Leading Millennials: Candice Montenegro, D5 Studio

"As long as I’m doing work that inspires me, and my work makes people’s lives better, then I know I’m headed in the right direction."

Candice Montenegro is the Managing Editor for D5 Studio’s entertainment and lifestyle verticals. She spent a number of years at GMA, one of the biggest TV networks in the Philippines, honing her skills as a multimedia journalist.

She appears here as part of our stories to identify the evolving generation of professionals in the service of journalism. You can reach her on email at CMMontenegro@media5.com.ph.

What do you love about what you do?

I get to play around with new creative executions, and I often build things from scratch. So far, I’ve been lucky to be put in positions where I get to experiment and be innovative all the time. My current role challenges me to incorporate journalism values into an editorial team that’s not set up like a traditional newsroom, and I think that’s interesting and pretty cool.

 

Where do you struggle most?

Analysis paralysis always gets me. I often overthink a story, to a point where I find it difficult to begin working on something until I feel I have all the elements I need. I have to do better at working on a story and watching it unfold in the process, just like in the good ol’ days of journalism.

 

What do you think the next 3 years look like for you?

I honestly have no idea — and that’s what makes me excited about what’s to come. My role has evolved so much and quite drastically since I started out as a multimedia producer for a news website 7 years ago. I can only imagine how much the digital landscape will change in the next 3 years — and with it, my role as content creator.

What works for me is not having an actual “track” for what my career is supposed to look like, or where it’s supposed to head.

 

How do you figure out if you’re on the right track for your career?

What works for me is not having an actual “track” for what my career is supposed to look like, or where it’s supposed to head. As long as I’m doing work that inspires me, and my work makes people’s lives better, then I know I’m headed in the right direction.

 

What is the biggest thing you know today that you didn’t know a year ago?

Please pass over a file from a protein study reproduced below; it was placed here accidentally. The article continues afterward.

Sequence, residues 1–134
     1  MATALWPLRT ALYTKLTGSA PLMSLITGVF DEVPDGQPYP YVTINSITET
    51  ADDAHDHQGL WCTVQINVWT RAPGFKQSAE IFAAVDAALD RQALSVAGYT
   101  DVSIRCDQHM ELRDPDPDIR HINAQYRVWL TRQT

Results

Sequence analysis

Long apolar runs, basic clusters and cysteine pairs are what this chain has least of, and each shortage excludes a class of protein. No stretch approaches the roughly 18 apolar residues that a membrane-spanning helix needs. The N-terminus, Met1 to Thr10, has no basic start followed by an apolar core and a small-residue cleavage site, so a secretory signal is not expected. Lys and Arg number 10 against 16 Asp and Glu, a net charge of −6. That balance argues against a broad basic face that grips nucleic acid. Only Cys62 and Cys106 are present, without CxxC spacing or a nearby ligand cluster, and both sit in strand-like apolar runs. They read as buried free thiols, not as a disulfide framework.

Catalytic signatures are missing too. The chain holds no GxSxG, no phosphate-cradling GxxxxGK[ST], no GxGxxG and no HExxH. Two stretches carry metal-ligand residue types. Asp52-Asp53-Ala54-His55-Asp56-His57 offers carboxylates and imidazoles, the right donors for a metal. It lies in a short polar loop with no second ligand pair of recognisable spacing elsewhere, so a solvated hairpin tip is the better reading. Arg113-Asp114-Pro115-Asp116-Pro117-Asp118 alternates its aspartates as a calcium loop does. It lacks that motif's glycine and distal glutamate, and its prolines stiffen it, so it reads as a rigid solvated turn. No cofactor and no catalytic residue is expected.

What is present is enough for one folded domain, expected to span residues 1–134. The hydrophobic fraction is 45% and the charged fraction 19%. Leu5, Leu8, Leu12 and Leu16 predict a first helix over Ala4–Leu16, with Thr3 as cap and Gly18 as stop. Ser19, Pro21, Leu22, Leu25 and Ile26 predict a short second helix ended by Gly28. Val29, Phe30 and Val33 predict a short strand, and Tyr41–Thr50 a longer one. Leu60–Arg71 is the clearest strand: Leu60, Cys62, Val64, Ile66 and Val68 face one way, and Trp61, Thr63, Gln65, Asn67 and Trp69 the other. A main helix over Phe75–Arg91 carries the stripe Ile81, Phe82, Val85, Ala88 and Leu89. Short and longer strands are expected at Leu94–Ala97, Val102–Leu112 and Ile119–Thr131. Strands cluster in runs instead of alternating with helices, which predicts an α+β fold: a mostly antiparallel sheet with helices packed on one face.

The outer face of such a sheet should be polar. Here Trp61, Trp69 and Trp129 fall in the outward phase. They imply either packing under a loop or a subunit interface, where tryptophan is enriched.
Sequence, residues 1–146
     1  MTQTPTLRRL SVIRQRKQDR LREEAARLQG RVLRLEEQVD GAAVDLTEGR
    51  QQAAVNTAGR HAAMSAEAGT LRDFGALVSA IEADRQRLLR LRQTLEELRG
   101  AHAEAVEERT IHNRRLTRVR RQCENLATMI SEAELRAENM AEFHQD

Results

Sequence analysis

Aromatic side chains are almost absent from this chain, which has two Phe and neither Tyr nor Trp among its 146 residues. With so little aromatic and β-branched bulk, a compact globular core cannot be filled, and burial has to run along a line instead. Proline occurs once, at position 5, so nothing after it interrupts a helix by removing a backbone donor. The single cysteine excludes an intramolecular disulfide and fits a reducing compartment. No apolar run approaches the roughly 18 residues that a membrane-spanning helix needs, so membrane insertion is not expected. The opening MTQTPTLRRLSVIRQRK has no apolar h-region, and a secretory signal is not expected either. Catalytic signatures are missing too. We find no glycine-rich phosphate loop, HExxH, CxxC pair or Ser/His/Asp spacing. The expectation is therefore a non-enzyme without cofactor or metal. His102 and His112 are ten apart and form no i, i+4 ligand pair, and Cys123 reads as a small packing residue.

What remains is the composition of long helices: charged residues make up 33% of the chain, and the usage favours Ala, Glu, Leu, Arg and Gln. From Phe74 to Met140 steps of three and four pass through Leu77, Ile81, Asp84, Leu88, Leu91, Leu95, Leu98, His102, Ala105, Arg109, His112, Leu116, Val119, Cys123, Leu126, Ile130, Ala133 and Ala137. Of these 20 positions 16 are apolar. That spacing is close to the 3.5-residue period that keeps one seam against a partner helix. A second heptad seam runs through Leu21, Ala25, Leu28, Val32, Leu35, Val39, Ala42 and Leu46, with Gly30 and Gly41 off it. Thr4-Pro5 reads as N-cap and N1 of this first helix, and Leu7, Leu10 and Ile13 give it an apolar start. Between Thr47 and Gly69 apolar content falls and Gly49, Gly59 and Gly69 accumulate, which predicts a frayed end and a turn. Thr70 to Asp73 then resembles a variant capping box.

“Quality over quantity” still — but quantity matters, too.

 

What are the top 3 things that would motivate you in a job?

Finding new ways to solve a problem. Working with bright people, and being challenged by their creativity. Hitting a creative block (surprisingly!) and looking for ways around it.

 

Where do you find inspiration?

From the most random things — creative food packaging I see at supermarket shelves, tabloid headlines, people I meet while in line at government offices. Everyone and everything has a unique story to tell. It inspires me to find what that story is and to draw it out.

I’d like to see experienced editors and managers consult their younger journos more about new ways to deliver stories.

 

What do you know about managing young talent in newsrooms that most managers probably don’t get?

When I started out in the field, filing reports on Twitter was unheard of, and my editors took a gamble when I proposed to use it for reporting on a major news story.

Seven years later, reporting on Twitter has become part of standard newsroom deliverables. I’d like to see experienced editors and managers consult their younger journos more about new ways to deliver stories. These kids play around with platforms to create personal content anyway — surely they’ll have creative ideas that will breathe new life into news storytelling.

 

What’s the best advice you’ve ever received from a boss?

My current boss recently reminded me of a quote we heard at a conference: “If you’re not the lead dog, the view never changes.” Being in that position requires so much from a person mentally and emotionally, but you’d rather be leading the wolfpack than following the herd. It’s always worth it in the end.


We’re looking for people with an elasticity in their views of media and journalism. It’s rare.

The faces of people in the service of journalism are often found on stage. They are often the heads of their newsrooms. They are often men. There’s little space on stage for the younger people sitting further down the hierarchy of these newsrooms. I want to tell their stories because some of them could one day redefine this industry.

So if you want to be featured here (or know of someone who should), drop me an email. I’m alansoon@thesplicenewsroom.com.

Co-Founder, CEO of The Splice Newsroom. Covering the business of media transformation in Asia. Follow Alan Soon on Twitter.

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